St. John has a hidden weapon against crime like no other

Published 12:00 am Monday, January 24, 2005



LAPLACE – In this day and age of a national alert against terrorism, it comes as no surprise that law enforcement agencies from the local to the federal level have raised the bar of preparedness.

While most big city agencies have SWAT teams ready to take on terrorism or hostage situations, you don’t see such lines of defense on the small city level. Simply put, it is a matter of money and dedication of man hours that most smaller agencies can’t afford.

And that is perhaps the biggest reason that the level of preparation which has been brought to St. John Parish is something that even the casual observer has to be impressed with.

At the direction of St. John Sheriff Wayne Jones and Chief Harold Klibert, the parish can proudly

boast of a S.O.R.T. (Special Operations Response Team) unit that is ready for almost any top level challenge.

While the unit hopes to never have to deal with something as large as a terrorist attack locally, the SORT team is still a highly trained team that gives St. John Parish the skill that can handle any kind of situation which is above the normal training level of most police officers.

“Any crisis that would take more than a patrolman, we can handle it,” Capt. “Chuck” Bazile said. “We hope to never be needed for a terrorist attack here, but right now we have a unit that is trained for that, or anything close to it.”

The team is made up of about 12 members and has had a huge investment put forth from the sheriff. He budgets approximately $30,000 a year just for a week-long training session out-of-state that keeps the unit up to date on their skills, as well as any new innovation or techniques.

Additionally, the unit has to train for eight hours one day a month to keep their skills sharp.

The SORT members are all full-time Sheriff’s Office patrolmen, and the patrol schedule makes sure that several are always on the streets in the event of a crisis situation.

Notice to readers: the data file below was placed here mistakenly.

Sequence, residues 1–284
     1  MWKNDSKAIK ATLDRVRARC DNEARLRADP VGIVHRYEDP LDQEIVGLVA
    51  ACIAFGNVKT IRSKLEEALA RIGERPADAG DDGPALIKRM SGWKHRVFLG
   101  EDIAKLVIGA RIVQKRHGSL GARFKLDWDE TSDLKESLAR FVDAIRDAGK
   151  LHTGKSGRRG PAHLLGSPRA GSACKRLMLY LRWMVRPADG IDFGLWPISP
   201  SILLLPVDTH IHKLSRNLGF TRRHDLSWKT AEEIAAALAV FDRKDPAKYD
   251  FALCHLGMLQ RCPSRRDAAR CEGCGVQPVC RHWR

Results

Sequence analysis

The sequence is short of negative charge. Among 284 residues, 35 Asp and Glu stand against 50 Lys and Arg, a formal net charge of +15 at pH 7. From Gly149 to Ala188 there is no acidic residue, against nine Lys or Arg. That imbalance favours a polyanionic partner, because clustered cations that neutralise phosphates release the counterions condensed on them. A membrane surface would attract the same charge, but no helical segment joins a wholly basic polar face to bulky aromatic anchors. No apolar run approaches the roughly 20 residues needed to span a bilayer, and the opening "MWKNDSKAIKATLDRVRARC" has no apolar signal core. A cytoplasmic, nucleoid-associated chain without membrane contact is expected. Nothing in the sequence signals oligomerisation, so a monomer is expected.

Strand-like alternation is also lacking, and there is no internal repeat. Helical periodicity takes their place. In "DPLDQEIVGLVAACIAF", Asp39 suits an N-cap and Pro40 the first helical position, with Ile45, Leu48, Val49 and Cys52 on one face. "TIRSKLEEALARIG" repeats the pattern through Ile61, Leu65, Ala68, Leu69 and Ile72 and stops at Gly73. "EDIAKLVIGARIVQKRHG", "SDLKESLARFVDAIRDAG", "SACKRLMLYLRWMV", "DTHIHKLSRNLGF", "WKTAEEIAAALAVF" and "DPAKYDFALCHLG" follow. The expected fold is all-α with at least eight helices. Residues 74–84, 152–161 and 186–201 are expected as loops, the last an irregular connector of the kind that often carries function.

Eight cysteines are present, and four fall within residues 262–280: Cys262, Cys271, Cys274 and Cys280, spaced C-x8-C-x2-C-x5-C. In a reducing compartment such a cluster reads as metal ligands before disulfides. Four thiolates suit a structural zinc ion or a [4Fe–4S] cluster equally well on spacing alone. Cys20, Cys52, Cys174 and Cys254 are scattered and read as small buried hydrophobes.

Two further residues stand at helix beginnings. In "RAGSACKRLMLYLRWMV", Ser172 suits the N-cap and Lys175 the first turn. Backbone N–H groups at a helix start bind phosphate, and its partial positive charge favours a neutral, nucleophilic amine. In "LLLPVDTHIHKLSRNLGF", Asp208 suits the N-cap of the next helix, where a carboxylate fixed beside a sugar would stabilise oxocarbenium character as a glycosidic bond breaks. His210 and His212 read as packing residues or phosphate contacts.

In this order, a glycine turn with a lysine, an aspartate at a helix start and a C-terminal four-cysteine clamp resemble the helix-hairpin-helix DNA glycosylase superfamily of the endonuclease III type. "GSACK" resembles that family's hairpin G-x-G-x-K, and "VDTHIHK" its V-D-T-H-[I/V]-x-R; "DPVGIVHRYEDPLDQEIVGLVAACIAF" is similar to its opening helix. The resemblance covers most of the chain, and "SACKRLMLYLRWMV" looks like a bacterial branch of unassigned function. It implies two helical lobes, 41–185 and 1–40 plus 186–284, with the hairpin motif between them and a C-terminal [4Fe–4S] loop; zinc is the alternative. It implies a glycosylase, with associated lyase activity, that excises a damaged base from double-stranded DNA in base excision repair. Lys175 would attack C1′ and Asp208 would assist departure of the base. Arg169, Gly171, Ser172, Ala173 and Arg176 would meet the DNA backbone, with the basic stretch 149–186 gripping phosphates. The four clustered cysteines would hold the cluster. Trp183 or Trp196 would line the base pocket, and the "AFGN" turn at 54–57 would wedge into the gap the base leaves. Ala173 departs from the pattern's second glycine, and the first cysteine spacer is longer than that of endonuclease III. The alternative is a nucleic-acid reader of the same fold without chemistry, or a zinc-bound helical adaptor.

So far the unit has handled a number of search warrant situations where firearms were expected, as well as catching felons. And now the unit is expanding to meeting with local industry officials such as Dupont to become familiar with their facilities in case any of the large plants in the area become involved in terrorist acts.

Bazile heads the unit, with Capt. Octavio “Ox” Gonzalez and Capt. Sam Moody assisting him as the leadership with the team.

“You have to remember that this isn’t ‘little’ St. John Parish anymore,” Bazile noted. “We are growing every day, and unfortunately, so is the crime. We have to be prepared for anything.”

The unit was formed in 2001 when Bazile gathered information about what it would take to form such a team, discussing it with Jones and Klibert.

“Sheriff Jones has been so supportive of this unit from the first day,” Bazile said. “It is a real commitment of our resources to have this, but he feels like it is important to provide more safety to the area.”

Tryouts were held and 11 original members were selected, then sent to Special Operations training.

That was followed up by FBI training the second year, and this past year the group was sent to the Black Water Training Facility in North Carolina.

“The Black Water site is headed by a man who was a former Navy SEAL, and gave us a lot of firearms training, as well as handling difference scenarios. It’s very intense,” Bazile remarked.

The SORT team has gained such a strong reputation regionally that they are now part of the Homeland Security team for Region 3, which includes six area parishes. Bazile is the vice-chairman for the region.

Thanks to the help of several local businesses, the Sheriff’s Office was able to build a “Shoot House” on the site of the local jail. It allows the leadership to stand on a catwalk above the house, and watch the SORT team handle different scenarios below that can involve any number of situations.

“The SORT team should give every resident of St. John Parish peace of mind just knowing we are here,” Bazile said. “It’s the kind of thing you hope you don’t need to use, but you never know what will happen and we’re trying to be as prepared as possible.”